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Finance Council Should Speed Up Speculation Curbs, Chilton Says
A council of U.S. financial regulators should speed up Dodd-Frank Act rules needed to limit speculation on oil, natural gas, and other commodities, Bart Chilton, a member of the Commodity Futures Trading Commission said.
The CFTC and Securities and Exchange Commission, having delayed adopting regulations stemming from the 2010 financial-regulation overhaul, should consider asking the Financial Stability Oversight Council to complete the regulation defining which derivatives are swaps, Chilton said in a speech prepared for his appearance today before the Exchequer Club of Washington. The speculation limits rely on the definition.
“I realize this is a highly unusual and perhaps incendiary move, but we have a responsibility to act here, and it’s high time we do so to protect markets and consumers,” said Chilton, a Democrat who supports the speculation limits. “Perhaps given the importance of position limits and the purported hang-up, it’s time to pass the ball to FSOC.”
The council includes 10 voting members, including the heads of the Federal Reserve and Federal Deposit Insurance Corp. Treasury Secretary Timothy F. Geithner is chairman of the council.
U.S. senators introduced legislation today aimed at getting the CFTC to limit speculation they said has led to rising gasoline prices.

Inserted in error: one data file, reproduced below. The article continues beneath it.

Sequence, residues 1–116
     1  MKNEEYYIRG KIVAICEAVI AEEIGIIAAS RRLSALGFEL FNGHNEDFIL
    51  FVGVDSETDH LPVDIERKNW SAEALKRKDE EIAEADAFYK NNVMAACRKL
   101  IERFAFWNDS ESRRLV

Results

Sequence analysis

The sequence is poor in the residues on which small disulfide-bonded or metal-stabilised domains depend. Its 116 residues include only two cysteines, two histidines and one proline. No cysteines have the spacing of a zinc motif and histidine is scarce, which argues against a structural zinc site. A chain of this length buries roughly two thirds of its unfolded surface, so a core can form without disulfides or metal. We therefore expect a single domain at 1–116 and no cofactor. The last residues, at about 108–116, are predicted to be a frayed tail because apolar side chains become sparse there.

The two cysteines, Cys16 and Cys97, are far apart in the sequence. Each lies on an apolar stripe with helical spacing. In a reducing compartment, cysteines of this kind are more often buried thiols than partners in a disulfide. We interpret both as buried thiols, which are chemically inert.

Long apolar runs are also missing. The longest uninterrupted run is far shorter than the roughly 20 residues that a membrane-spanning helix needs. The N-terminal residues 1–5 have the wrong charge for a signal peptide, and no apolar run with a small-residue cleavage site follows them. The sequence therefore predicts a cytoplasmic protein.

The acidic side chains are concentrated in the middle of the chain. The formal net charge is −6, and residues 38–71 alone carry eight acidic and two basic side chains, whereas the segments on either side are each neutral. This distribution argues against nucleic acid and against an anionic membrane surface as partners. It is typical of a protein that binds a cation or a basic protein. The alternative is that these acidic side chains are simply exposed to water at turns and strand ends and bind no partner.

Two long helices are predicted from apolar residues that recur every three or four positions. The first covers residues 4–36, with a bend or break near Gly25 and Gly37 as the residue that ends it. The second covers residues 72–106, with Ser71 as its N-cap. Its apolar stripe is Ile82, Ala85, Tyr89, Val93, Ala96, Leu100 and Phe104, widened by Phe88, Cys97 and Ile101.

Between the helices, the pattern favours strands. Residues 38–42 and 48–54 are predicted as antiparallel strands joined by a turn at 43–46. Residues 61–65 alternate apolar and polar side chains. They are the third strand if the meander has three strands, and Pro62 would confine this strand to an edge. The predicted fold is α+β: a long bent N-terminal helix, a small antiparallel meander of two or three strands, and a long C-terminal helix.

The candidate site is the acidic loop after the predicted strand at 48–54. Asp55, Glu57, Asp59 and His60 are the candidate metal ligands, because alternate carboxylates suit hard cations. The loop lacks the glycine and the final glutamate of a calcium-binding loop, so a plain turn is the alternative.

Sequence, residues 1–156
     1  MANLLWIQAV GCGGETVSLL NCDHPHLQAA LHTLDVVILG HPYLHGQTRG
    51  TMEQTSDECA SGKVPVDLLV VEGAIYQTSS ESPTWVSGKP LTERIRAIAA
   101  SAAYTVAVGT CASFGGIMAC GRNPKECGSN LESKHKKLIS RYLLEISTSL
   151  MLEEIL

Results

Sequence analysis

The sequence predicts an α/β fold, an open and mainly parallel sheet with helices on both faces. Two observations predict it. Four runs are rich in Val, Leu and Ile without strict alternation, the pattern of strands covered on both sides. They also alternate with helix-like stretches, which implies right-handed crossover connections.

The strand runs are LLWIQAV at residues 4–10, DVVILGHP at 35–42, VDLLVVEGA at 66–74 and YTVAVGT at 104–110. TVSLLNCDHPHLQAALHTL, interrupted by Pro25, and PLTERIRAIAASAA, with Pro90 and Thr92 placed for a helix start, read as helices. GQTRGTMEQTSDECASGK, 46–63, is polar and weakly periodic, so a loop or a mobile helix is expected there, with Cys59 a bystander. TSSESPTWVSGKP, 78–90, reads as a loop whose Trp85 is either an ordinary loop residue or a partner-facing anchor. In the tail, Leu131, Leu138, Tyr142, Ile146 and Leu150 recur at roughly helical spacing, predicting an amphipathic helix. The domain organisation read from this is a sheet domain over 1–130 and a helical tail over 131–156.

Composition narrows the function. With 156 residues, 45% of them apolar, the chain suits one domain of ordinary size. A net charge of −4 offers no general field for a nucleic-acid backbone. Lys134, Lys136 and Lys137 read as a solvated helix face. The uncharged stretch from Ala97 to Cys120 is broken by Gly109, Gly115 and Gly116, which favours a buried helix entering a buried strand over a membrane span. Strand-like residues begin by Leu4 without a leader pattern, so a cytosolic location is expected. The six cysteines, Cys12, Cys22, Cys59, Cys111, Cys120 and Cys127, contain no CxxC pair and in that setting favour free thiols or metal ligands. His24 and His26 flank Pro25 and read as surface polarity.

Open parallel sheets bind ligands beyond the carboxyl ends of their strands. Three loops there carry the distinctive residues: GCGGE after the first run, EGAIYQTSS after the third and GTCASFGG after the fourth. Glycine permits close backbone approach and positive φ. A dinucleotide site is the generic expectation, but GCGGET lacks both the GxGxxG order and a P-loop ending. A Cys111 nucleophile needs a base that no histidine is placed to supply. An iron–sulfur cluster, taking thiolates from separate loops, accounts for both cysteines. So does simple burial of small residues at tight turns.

Senators Bernie Sanders, a Vermont independent, and Ben Cardin, a Maryland Democrat, said their legislation would give the agency 14 days to implement rules to halt “excessive” oil-futures speculation.
“Oil prices are negatively impacting our entire economy,” Sanders said at a Washington news conference today. “Excessive speculation on the oil futures market is driving oil prices up.'”
The speculation limits are among the most controversial requirements in Dodd-Frank and spurred more than 13,000 comments to the CFTC from supporters such as Delta Air Lines Inc. and opponents such as Barclays Plc’s Barclays Capital. CFTC commissioners voted 3-2 at an Oct. 18 meeting to approve the final regulation, with Jill E. Sommers and Scott O’Malia, both Republicans, voting in opposition.
The International Swaps and Derivatives Association Inc. and Securities Industry and Financial Markets Association filed a lawsuit in December challenging the rule. The associations’ members include JPMorgan Chase & Co., Goldman Sachs Group Inc., and Morgan Stanley. The groups argue that the CFTC never studied whether the regulation was “necessary and appropriate” or quantified the costs tied to implementing the rule. A judgment is pending.
The case is International Swaps and Derivatives Association v. U.S. Commodity Futures Trading Commission, 11-02146, U.S. District Court, District of Columbia (Washington).